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Visit 17 world museums for free

art-and-culture Updated: Feb 07, 2011 19:05 IST
Sneha Mahale
Sneha Mahale
Hindustan Times
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Catching a glimpse of Botticelli’s Birth of Venus or a Rembrandt or even the ceilings of The Palace Of Versailles is no longer a rich man’s dream. You don’t even need to leave the comforts of your home and travel halfway across the world to see these masterpieces. Art lovers can now take a free virtual tour of 17 of the world’s best museums online whenever they want to.

This week, Google unveiled its latest venture, the Art Project, a Java-based application, in collaboration with some of the world’s most acclaimed art museums. The project enables people to discover and view more than 1000 artworks online in extraordinary detail and allows you to take a virtual tour of any of the museums featured. Over 1000 artworks by 486 artists from around the world can be accessed via this project including Indian artworks like Jahangir Preferring A Sufi Shaikh To Kings, from the St Petersburg album.

“A bunch of people in Google, who are passionate about art, initiated this project. They then approached the museums, who were happy to take things forward and the Art Project came about,” says Manik Gupta, product manager, Japan & Asia-Pacific, Google. The museums featured include The Metropolitan Museum of Art in New York, The National Gallery in London, The Palace of Versailles in France, Museo Reina Sofia in Madrid and Van Gogh Museum in Amsterdam.

Works of art included in the project range from Botticelli’s Birth of Venus to Chris Ofili’s No Woman, No Cry, Cezanne’s post-impressionist works to Byzantine iconography. You can also see the ceilings of Versailles, the ancient Egyptian temples, a collection of Whistlers as well as Rembrandts from all over the globe.

“We created an initial list of museums that we wanted to approach. After getting the necessary permissions, we fitted a trolley with a camera and went inside the museums, clicking pictures of all the artworks on display,” says Gupta. The museums too provided expertise and guidance, from choosing which collections to feature; to advising on the best angle to capture photos; to the kind of information that should accompany the artwork.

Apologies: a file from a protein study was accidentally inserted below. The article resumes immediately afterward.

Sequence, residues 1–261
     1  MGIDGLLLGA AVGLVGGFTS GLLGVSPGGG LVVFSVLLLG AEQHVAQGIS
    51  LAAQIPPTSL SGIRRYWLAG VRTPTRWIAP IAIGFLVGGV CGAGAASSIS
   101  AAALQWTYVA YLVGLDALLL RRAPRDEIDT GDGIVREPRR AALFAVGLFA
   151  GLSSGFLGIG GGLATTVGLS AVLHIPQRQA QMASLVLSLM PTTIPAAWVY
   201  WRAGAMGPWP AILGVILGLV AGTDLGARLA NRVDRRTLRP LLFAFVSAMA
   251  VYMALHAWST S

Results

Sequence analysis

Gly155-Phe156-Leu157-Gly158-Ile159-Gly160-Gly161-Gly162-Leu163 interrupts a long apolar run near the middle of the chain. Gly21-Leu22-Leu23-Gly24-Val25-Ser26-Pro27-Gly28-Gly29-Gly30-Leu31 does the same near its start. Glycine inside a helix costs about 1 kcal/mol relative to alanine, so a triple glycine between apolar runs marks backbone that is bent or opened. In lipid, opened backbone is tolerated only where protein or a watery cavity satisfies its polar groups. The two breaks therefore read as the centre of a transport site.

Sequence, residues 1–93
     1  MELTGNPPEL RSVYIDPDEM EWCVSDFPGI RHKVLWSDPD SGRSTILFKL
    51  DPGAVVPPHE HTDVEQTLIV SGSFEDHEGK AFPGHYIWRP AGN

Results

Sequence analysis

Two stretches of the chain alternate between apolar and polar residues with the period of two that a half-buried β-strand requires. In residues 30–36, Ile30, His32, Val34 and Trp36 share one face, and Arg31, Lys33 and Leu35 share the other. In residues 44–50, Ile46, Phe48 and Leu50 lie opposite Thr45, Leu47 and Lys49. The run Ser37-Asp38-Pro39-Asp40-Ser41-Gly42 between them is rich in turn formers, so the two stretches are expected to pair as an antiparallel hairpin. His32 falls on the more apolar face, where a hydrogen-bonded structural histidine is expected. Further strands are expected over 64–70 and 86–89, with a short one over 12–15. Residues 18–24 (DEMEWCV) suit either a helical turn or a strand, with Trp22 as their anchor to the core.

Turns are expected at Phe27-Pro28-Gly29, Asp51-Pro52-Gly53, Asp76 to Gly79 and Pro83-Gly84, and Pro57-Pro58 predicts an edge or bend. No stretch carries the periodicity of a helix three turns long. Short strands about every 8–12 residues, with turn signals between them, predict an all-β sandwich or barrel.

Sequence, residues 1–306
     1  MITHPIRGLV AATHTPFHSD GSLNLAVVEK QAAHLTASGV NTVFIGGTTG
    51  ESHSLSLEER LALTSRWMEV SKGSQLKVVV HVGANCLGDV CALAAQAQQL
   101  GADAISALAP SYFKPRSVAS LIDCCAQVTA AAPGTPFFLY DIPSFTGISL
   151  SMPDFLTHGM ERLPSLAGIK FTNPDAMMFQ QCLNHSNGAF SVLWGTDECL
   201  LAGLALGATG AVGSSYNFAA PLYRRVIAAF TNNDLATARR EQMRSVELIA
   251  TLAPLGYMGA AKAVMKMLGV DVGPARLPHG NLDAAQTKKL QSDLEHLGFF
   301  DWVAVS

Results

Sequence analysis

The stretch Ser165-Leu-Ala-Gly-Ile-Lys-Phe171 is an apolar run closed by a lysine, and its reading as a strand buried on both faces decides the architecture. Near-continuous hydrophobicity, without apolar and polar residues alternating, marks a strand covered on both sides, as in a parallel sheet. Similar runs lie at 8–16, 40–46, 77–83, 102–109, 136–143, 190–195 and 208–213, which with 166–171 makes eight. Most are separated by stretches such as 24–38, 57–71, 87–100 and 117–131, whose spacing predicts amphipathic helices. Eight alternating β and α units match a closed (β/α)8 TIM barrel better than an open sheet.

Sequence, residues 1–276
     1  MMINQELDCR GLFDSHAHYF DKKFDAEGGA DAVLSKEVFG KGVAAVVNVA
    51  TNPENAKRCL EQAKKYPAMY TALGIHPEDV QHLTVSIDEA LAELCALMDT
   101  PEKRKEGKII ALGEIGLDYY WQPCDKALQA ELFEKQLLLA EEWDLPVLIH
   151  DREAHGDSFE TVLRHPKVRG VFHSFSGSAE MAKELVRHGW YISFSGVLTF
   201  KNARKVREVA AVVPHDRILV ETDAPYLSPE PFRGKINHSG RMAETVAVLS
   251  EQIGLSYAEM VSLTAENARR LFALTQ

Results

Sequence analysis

More features were then added such as the 360-degree tours of the interiors of selected galleries, enabling smooth navigation of over 385 rooms within the museums. Gallery interiors can also be explored directly from within Street View in Google Maps.

In addition, art buffs can also navigate and select works of art that interest them, clicking to discover more or diving into high resolution images, where available. “The images are of such high resolution that you can actually zoom in to see intricate details of the painting as well as the exact brush strokes,” says Gupta. The info panel allows you to read more about an artwork, find more works by that artist and watch related videos on YouTube.

Each of the 17 museums also selected one artwork to be photographed in extraordinary detail using super high resolution or ‘gigapixel’ photo capturing technology. Hard to see details suddenly become clear such as the tiny Latin couplet, which appears in Hans Holbein the Younger’s The Merchant Georg Gisze. Or the people hidden behind the tree in Ivanov’s The Apparition of Christ to the People.

You can also create an account and add favourites to the ‘Create an Artwork Collection’ section. This feature allows users to save specific views of any of 1000+ artworks and build their own personalised collection. Comments can be added to each painting and the whole collection can then be shared with friends and family. There are plans to expand this pilot project and include Indian museums into the list.

Museums featured
Alte Nationalgalerie, Berlin - Germany
Freer Gallery of Art, Smithsonian, Washington DC - USA
The Frick Collection, New York - USA
Gemäldegalerie, Berlin - Germany
The Metropolitan Museum of Art, New York - USA
MoMA, The Museum of Modern Art, New York - USA
Museo Reina Sofia, Madrid - Spain
Museo Thyssen - Bornemisza, Madrid - Spain
Museum Kampa, Prague - Czech Republic
National Gallery, London - UK
Palace of Versailles - France
Rijksmuseum, Amsterdam - The Netherlands
The State Hermitage Museum, St Petersburg - Russia
State Tretyakov Gallery, Moscow - Russia
Tate Britain, London - UK
Uffizi Gallery, Florence - Italy
Van Gogh Museum, Amsterdam - The Netherlands

The Art Project
in numbers
11 cities, 9 countries
17 museums
17 gigapixel pictures
385 gallery rooms
486 artists
1061 high-resolution artwork images
More than 6,000 Street View ‘panoramas’

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